The Yukon Department of Justice has taken the first public step towards creating a halfway house for women in the territory, a facility that advocates say is desperately needed.
The department issued a request for expressions of interest Aug. 7 for “proposed sites and program models for 24/7 supervised community housing for justice-involved women transitioning back into the community or in need of supportive housing while actively involved in justice-related matters.”
Currently, there’s only a supervised residential facility in the Yukon for men, located in a former unit of the Whitehorse Correctional Centre (WCC) and run by justice advocacy group the John Howard Society. A previous facility, known as the Yukon Adult Resource Centre (ARC), was run by the Salvation Army.
“I think we’ve been acutely aware that this sort of programming has been available for men for quite sometime and hasn’t been available for women,” assistant deputy minister of justice Allan Lucier said in an interview Aug. 13.
“It’s been a topic of reports, it’s been (the) topic of commentary, particularly recently as we shifted the pattern for service delivery for justice-involved adult males … and that’s, I think, in part what brings us to seek through this expression of interest from individuals who would be interested in providing these services to justice-involved women in a non-custodial-type setting.”
According to Ashley Kurtz, a strategic initiatives and business advisor with Yukon corrections, the last time the territory had a halfway house for women was about 15 years ago. The ARC, she told the News, had previously hosted a program for women too, and, at one point, a retired social worker had opened up rooms in her own home for justice-involved women.
Whitehorse criminal defence lawyers Jennifer Budgell and Jennifer Cunningham, as well as Fetal Alcohol Syndrome Society Yukon executive director Wenda Bradley, said in separate interviews that a supervised housing facility for women was “long overdue.”
“I think it’s about time,” Bradley said Aug. 14. “It’s been a needed tool for women to help themselves and for the community to help women. It’s been a long time coming.”
Budgell and Cunningham both said Aug. 13 that they’ve faced difficulties in securing bail for women clients at the WCC because there was no safe or suitable address for them to go.
“For women who don’t have suitable housing with friends or family in the community, you basically hit a brick wall when putting together a bail plan because housing is central to any sort of bail plan, “ Budgell explained. “And whereas men could just apply to live at the YARC if they didn’t have housing in their community, women really hit a dead end and were forced, really to stay at WCC.”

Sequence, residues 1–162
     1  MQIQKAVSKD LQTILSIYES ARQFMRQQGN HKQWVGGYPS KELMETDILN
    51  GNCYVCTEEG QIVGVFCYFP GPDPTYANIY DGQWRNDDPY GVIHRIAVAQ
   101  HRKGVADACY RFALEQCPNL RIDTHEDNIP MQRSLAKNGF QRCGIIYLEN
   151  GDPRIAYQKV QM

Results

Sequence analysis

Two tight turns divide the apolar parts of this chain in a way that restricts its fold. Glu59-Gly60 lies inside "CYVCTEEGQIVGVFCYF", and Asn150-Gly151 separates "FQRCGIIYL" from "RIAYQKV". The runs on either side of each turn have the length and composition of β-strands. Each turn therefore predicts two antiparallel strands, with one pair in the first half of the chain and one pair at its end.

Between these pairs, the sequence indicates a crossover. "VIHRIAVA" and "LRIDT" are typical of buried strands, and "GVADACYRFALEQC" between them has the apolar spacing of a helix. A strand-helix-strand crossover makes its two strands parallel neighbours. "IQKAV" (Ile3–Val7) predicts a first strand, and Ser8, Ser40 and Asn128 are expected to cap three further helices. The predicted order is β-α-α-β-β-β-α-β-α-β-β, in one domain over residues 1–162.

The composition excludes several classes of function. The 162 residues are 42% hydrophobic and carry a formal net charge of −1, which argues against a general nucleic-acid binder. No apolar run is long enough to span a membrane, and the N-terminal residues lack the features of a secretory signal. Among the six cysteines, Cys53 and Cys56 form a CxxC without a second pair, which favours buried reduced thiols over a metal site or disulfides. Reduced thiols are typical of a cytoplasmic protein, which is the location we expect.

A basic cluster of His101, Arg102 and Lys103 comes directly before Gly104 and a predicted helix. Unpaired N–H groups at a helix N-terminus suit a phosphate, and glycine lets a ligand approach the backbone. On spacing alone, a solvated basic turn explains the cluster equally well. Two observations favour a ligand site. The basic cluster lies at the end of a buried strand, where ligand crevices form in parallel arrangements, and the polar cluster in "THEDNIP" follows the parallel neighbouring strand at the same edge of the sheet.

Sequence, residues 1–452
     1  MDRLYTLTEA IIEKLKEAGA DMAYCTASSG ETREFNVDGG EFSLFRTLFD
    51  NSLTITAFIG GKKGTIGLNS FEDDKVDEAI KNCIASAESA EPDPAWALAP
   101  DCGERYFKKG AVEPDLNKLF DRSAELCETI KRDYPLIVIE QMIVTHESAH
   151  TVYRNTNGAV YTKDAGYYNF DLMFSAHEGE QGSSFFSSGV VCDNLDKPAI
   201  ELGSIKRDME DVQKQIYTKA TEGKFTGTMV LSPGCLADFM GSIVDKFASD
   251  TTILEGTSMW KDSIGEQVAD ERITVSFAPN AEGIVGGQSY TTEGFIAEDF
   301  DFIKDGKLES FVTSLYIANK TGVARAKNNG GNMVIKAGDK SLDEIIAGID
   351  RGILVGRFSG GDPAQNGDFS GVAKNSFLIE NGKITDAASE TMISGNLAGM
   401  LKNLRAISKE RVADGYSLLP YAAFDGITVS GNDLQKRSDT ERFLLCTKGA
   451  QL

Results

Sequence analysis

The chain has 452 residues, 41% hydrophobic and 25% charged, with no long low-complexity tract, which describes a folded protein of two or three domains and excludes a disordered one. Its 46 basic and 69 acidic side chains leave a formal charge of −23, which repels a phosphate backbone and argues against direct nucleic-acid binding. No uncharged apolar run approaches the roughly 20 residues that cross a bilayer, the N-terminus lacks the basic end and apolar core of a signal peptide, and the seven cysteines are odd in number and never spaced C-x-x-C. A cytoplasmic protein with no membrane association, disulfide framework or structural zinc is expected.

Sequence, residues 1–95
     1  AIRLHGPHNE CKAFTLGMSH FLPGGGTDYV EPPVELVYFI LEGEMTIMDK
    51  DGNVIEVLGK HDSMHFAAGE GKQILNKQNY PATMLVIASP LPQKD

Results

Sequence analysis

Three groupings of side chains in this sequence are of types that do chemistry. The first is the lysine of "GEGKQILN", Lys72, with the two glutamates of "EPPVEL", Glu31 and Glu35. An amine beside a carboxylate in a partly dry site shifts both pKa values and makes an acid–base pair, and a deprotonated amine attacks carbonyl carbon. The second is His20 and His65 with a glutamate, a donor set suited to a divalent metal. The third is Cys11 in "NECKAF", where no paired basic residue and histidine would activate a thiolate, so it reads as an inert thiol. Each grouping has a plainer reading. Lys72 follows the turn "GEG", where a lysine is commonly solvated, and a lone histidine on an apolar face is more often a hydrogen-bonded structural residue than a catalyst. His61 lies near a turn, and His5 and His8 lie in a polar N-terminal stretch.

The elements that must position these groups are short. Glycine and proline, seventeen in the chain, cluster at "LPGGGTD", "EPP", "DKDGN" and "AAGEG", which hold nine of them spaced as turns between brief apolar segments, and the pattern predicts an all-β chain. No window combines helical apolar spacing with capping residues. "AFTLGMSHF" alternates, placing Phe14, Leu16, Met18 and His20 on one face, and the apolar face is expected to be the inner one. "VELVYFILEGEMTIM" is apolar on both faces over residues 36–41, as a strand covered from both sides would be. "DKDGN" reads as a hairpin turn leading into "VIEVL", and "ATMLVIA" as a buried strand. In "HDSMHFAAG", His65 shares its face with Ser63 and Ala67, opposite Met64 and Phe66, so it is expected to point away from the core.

Cunningham said she currently has two clients at the WCC she believes would be out on bail if a supervised housing facility for women existed in the Yukon. Besides allowing for bail, she said, a halfway house would also mean that women serving federal sentences and out on parole could come home and be with the families and communities instead of being placed in facilities Outside.
“We all know too that women are an afterthought in corrections and Indigenous women are disproportionately harmed by the systemic oppression in corrections and the lack of a halfway house has been part of that overall context,” Cunningham said.
Bradley, Budgell and Cunningham all said that they hoped there would be consultation with Yukon First Nations, women involved in the justice system, NGOs and legal advocates in the creation of the facility, expressing disappointment at what they said was a lack thereof when it came to moving the men’s facility to the old jail unit.
Lucier said he couldn’t, at the moment, offer a timeline for when the women’s facility would actually be created and operational, as that would depend on how many expressions of interest the department receives and how comprehensive they are.
“I would say in terms of my interest and I think the interest of justice, we want to see it as soon as possible, but we want to ensure that in the way we go about creating this, we’re doing it so that, well, one, we can’t miss-step and two, that we end up with a program and services and supports that meet those needs,” he said.
“So I think as quickly as possible is what we’re aiming for.”
The requests for expressions of interest close Sept. 1.
Contact Jackie Hong at firstname.lastname@example.org